LONDON (Reuters) – London Fashion Week kicked off on Friday, declaring itself fur-free for the first time as an increasing number of designers seek to burnish their ethical credentials.
A model presents a creation at the J. JS Lee catwalk show at London Fashion Week Women’s, London, Britain September 14, 2018. REUTERS/Henry Nicholls
The five-day trade event, the second leg of the month-long spring/summer 2019 catwalk season, has fewer big names than New York, Milan and Paris but draws buyers, journalists and bloggers from around the world for its emerging talent and established brands such as Burberry, Christopher Kane and Erdem.
According to a survey by the British Fashion Council (BFC), no animal fur will feature on the London catwalks or in designer presentations this season.
“We ask every season whether fur will be represented on the catwalk or in presentations … This is the first time that designers have said that there will be 100 percent no fur on the catwalk,” BFC Chief Executive Caroline Rush told Reuters.
“I think it just reflects a change in their creative choices and the power of the consumer and really thinking about the images that they’re putting out through fashion week.”
Burberry last week said it would no longer use real fur, the latest fashion house to ditch animal skin amid growing pressure from animal rights groups and younger clients’ changing tastes. Other labels turning their back on fur include Italian luxury labels Versace and Gucci.
“Of the big four (fashion capitals), (London) is certainly the first that can say that we’ll be 100 percent fur free this time,” Rush added.
Outside the main catwalk venue, a small group from animal rights group PETA celebrated the news with five women dressed as cats holding signs reading “fur-free catwalk”.
The women’s clothing market grew by 3.2 percent to 28.4 billion pounds ($37.26 billion) last year in Britain, according to market research firm Mintel, and sales are forecast to increase to 33.5 billion pounds in 2022.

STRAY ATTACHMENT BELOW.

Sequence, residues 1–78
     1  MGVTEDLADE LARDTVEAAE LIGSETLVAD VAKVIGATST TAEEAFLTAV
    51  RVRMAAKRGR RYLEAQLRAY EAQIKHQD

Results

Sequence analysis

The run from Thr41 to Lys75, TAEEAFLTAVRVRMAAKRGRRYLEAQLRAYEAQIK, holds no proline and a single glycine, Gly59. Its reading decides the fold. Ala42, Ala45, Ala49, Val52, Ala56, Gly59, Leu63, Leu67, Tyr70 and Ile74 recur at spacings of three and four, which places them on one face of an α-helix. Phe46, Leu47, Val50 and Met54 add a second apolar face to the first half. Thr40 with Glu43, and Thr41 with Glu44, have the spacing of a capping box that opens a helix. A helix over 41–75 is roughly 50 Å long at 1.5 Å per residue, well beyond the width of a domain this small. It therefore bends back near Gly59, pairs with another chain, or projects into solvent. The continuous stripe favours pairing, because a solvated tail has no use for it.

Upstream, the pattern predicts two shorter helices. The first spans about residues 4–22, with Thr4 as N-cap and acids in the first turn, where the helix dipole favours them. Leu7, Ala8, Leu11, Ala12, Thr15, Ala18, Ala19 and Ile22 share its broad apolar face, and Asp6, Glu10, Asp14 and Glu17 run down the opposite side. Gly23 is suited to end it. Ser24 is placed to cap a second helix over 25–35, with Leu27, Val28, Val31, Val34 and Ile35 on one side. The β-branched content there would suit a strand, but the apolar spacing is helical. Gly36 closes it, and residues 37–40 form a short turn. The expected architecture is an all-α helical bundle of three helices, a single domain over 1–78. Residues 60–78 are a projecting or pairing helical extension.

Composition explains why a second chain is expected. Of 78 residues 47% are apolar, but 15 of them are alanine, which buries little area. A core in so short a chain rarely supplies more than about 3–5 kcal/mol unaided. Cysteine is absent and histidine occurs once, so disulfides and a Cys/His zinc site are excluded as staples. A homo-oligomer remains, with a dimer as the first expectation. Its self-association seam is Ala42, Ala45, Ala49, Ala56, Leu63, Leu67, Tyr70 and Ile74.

Getting the ball rolling with a bold and colorful show, designer Richard Malone chose hot pink, mustard yellow and sharp blues and greens for his edgy collection which appeared to draw on 1960s-1980s influences.
Models wore light jackets with exaggerated shoulders, tasseled mini-skirts and slim over-the-knee shorts with chunky boots. Printed tops featured the face of a stranger in a crowd, according to show notes. Asked to describe the line, Malone said it was “bossy and fun”.
Turkish designer Bora Aksu said he was inspired by Romani poetess Bronislawa Wajs, known as Papusza, for his spring line rich in floral prints, lace and embroidery.
Layered dresses in organza and tulle bore soft, romantic touches such as cut out lace patterns. While there was plenty of white and blue, Aksu also chose purple, coral and hot pink for his looks which were accessorized with flowery headpieces.
“It was almost like a romantic folk collection because of my muse and because of also my style,” he told Reuters backstage.
Among the highlights this season is Victoria Beckham who is celebrating 10 years in fashion by bringing her catwalk show to London from New York, and the first collection by Burberry’s new chief creative officer Riccardo Tisci.
($1 = 0.7623 pounds)
Graphic on UK womenswear sales: tmsnrt.rs/2NIg9Lk
Reporting by Marie-Louise Gumuchian and Jayson Mansaray; Additional reporting by Saskia O’Donoghue; Writing by Marie-Louise Gumuchian; Editing by Raissa Kasolowsky and Alison Williams